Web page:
Bjorn Bikes announced a stainless steel frame made of 60% recycled stainless steel, along with a fork made of 70% recycled 7005 alloy. Meant for gravel, all-road, or commuting, the new frame has 45mm tire clearance, flat mount brakes, and a 68mm threaded bottom bracket shell. As an added bonus, they released 100% recycled rubber grips made by ODI.

All images courtesy Bjorn Bikes.

Bjorn Bikes Recycled Stainless Steel Gravel Frame & Rubber Grips

This isn’t the first we’ve heard of bikes using recycled materials, and we hope the trend continues. Bjorn Bikes is in on the game with a very nice-looking stainless steel gravel frame, paired with an aluminum fork – both using 60% or more recycled materials. They also partnered with ODI to produce 100% recycled rubber grips.

The frameset retails for $1,699, with price TBD for the grips. Check out the detailed press release and story below, straight from Bjorn.

Press Release

Sept 20, 2019 – Bjorn Bikes is launching its first two products; a recycled stainless steel bike frame and recycled rubber grips. Also, on the horizon are a myriad of other products produced with an emphasis on creating the most sustainable bikes and parts possible. “Our journey has been several years in the making,” says Dennis Beare, company Founder, “and Bjorn Bikes welcomes you to join us in dreaming, creating, failing, testing, re-inventing, and producing our way towards a better future.”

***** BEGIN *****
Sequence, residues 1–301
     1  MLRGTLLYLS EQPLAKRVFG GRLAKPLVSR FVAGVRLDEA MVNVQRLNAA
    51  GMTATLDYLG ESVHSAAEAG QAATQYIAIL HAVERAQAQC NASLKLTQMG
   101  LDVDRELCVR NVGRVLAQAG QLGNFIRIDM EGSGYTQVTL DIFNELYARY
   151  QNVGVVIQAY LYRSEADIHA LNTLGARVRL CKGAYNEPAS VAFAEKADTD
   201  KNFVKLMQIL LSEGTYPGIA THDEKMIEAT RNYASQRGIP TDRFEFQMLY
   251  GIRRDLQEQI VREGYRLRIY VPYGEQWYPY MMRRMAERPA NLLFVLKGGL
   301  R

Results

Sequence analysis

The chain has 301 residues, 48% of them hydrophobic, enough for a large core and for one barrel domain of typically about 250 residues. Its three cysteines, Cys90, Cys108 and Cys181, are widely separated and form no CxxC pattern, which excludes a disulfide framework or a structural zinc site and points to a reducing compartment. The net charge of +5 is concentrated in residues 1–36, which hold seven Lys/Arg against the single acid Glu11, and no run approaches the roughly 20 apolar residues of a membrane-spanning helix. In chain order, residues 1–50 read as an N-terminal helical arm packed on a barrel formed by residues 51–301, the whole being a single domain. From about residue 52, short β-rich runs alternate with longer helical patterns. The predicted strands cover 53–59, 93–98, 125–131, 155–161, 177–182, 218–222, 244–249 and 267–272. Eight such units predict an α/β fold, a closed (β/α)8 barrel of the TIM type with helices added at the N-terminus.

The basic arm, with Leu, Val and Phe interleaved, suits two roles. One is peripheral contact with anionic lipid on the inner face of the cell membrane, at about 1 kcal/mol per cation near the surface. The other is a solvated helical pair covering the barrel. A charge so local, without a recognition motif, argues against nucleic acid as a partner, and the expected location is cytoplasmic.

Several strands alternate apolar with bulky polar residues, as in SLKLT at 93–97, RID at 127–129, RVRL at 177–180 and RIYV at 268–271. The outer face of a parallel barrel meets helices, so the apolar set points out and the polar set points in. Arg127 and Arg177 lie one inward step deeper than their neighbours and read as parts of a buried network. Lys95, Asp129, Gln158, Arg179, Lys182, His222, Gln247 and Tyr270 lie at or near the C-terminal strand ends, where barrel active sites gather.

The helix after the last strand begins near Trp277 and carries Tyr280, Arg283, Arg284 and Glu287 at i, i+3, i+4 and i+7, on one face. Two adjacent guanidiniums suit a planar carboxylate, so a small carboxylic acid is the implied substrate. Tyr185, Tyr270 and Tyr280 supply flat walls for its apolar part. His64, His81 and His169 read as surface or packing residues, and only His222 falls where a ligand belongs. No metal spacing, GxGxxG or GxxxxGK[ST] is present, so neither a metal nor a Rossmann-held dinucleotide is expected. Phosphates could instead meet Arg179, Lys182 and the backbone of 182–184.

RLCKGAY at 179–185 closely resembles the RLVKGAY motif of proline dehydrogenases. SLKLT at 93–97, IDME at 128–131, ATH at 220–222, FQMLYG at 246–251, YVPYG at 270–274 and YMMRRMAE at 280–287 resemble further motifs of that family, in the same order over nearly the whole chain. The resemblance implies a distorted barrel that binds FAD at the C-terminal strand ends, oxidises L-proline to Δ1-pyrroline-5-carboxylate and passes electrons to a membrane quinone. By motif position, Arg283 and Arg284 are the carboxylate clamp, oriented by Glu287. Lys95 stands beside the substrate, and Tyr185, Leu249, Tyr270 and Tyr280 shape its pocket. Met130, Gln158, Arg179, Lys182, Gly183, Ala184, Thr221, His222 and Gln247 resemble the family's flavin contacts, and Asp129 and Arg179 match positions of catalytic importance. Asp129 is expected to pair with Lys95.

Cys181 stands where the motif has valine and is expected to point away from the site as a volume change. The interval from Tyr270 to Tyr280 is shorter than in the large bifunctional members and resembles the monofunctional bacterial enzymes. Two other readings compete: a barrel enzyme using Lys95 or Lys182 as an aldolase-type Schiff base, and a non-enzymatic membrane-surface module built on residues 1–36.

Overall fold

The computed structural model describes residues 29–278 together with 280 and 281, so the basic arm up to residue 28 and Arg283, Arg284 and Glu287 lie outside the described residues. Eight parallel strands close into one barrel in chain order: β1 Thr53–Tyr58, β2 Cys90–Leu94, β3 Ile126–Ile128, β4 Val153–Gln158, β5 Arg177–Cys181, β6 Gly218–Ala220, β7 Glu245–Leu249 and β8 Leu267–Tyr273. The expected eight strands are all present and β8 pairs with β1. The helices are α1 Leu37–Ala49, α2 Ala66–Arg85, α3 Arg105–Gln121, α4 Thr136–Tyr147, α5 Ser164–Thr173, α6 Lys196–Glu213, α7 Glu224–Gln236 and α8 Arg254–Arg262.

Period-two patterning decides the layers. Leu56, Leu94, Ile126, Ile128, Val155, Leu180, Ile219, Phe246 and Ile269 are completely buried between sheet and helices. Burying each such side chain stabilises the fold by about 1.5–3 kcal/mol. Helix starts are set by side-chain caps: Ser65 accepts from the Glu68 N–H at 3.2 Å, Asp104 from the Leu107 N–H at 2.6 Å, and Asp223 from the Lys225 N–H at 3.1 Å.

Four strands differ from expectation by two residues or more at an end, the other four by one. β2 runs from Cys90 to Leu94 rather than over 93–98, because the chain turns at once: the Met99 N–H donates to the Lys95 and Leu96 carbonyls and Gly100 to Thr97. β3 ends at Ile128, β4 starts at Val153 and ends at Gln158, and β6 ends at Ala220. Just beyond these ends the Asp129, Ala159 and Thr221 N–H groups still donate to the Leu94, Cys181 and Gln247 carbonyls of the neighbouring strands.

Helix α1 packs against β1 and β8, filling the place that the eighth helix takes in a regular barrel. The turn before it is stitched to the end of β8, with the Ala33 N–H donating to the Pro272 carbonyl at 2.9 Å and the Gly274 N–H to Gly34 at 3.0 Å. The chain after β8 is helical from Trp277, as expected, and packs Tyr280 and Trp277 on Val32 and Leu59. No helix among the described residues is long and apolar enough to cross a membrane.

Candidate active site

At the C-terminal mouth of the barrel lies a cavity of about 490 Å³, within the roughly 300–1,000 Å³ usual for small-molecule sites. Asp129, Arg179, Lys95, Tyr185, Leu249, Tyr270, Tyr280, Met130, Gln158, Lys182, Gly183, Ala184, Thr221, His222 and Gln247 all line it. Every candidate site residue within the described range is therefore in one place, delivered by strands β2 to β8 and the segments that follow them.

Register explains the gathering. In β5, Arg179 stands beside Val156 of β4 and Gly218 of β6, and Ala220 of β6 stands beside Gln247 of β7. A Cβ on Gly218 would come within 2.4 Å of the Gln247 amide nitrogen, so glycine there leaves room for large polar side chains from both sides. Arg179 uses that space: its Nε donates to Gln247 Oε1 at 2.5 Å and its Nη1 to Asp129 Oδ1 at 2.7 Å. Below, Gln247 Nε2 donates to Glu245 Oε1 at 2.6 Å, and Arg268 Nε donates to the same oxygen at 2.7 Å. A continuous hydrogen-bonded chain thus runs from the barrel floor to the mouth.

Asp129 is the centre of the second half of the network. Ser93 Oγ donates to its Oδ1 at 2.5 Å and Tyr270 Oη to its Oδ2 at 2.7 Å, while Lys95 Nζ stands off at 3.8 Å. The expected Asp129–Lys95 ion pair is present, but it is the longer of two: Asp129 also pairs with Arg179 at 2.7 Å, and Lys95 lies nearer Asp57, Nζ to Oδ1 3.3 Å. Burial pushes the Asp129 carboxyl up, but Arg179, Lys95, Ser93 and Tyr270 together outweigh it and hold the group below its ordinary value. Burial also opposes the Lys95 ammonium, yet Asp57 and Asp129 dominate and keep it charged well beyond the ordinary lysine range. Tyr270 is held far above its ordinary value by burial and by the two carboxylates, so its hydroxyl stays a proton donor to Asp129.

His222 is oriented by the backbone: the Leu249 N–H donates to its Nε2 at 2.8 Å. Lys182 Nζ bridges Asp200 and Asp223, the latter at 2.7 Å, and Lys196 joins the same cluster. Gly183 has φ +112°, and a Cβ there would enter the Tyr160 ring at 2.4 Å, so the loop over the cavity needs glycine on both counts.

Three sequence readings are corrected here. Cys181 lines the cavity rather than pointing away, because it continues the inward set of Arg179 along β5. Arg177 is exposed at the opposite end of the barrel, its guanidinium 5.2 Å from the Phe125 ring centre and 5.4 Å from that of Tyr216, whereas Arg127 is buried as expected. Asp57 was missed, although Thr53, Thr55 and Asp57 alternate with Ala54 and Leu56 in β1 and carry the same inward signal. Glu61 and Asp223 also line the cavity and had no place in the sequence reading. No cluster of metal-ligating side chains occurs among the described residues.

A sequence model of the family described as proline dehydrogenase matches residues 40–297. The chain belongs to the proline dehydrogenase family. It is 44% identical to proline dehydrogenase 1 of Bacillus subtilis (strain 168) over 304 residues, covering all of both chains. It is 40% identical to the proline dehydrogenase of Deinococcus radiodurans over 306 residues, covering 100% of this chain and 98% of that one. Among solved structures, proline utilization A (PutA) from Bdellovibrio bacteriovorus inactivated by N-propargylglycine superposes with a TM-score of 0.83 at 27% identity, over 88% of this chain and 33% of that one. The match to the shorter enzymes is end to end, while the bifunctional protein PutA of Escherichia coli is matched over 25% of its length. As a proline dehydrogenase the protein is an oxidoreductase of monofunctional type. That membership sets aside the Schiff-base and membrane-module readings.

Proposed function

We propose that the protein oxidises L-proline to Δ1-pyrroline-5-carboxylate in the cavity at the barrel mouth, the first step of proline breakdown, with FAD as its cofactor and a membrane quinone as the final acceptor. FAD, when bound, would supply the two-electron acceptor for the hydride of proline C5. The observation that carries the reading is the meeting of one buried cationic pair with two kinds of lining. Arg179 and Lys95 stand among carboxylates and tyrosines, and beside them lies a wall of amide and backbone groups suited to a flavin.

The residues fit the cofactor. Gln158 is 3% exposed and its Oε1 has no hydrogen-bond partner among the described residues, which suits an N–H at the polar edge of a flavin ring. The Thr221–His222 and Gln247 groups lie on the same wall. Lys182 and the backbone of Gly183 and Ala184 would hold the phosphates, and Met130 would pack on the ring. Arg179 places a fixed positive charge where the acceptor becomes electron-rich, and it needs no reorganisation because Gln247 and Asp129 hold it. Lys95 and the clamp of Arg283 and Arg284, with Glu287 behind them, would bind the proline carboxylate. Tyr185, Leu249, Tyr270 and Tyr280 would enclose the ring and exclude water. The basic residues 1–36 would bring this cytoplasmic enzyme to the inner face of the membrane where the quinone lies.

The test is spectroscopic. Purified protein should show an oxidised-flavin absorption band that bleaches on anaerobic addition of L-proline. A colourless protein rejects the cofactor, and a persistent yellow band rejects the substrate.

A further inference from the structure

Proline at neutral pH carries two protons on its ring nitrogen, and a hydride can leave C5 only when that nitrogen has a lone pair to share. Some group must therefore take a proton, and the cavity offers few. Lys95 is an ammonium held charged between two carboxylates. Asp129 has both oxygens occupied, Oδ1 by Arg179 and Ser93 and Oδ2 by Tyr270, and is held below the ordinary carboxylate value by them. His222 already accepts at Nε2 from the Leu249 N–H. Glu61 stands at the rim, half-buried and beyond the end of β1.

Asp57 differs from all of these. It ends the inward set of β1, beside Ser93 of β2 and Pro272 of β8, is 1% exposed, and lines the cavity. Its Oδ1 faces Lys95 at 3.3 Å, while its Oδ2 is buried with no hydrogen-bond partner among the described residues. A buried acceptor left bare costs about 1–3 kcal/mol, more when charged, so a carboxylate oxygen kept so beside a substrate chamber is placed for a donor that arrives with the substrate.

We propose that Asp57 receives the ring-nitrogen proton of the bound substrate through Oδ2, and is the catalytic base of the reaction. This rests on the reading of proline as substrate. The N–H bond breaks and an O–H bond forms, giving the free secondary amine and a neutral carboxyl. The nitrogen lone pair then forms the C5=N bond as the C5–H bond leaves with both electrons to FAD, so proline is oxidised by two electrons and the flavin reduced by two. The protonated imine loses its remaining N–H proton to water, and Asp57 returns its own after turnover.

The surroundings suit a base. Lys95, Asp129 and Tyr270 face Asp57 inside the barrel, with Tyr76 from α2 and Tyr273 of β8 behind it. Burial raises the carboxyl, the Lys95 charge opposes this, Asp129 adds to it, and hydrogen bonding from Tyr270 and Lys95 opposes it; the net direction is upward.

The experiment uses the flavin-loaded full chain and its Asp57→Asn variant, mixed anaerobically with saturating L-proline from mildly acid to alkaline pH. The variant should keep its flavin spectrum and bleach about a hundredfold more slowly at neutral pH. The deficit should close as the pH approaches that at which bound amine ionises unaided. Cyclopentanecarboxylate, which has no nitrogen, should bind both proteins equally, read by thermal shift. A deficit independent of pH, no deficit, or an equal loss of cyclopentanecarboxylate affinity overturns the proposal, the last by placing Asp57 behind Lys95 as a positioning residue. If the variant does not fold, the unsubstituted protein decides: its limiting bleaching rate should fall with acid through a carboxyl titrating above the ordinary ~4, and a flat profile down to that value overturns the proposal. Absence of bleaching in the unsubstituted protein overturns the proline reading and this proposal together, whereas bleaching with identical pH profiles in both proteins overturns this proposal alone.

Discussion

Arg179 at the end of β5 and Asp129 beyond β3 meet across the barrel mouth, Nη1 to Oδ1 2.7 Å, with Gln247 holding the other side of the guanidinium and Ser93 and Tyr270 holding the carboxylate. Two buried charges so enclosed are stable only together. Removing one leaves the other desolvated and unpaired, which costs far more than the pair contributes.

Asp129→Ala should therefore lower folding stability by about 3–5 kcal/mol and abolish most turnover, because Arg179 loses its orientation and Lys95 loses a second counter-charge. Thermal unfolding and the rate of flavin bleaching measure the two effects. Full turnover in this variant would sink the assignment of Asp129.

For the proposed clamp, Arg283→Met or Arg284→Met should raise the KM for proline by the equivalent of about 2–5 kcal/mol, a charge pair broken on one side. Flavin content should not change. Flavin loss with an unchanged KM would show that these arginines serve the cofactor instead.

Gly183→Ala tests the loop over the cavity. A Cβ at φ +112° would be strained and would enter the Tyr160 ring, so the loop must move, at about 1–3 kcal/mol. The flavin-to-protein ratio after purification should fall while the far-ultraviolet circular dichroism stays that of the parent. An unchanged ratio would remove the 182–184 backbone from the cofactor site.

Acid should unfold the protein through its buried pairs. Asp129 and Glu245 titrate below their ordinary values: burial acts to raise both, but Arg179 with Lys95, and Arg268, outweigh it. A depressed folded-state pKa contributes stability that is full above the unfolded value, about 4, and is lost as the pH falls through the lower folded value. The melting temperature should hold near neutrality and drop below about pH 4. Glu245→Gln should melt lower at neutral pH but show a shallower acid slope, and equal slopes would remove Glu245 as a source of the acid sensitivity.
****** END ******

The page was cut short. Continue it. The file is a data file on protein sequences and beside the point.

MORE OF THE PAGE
One more bike, one less car. “I remember seeing this message emblazoned on a huge booth at the end of a trade show,” says Dennis Beare, Bjorn Bikes Founder. “And as I was reading it, a Bobcat came along and pushed the whole booth into a dumpster.” It was this contradiction that sparked the idea for Bjorn Bikes – “Although bikes are good for the environment, we must be able to do better overall.

“While touring many bicycle factories, brand offices, and retail stores, in my work in the bicycle industry, the amount of waste produced has always struck me,” says Bjorn Bikes Co-Founder, Rob Beck. “As I asked more questions about it and inquired about alternative methods of production and packaging I was surprised to be met with resistance or indifference. So, when Dennis showed me an engineering drawing of this bike and shared the concept of building bikes in the most sustainable way possible, not only did I want one of these bikes, but I also wanted to be part of making this idea into a great brand and a viable company.”

With the total combined years of experience the team at Bjorn Bikes has in the bike industry, they were able to put their knowledge to work in creating a frame and components that prioritize our future with a smaller overall environmental footprint. From design to shipping, they have taken into account each step of the production process and held strong to their mission statement to create the most sustainable cycling products possible.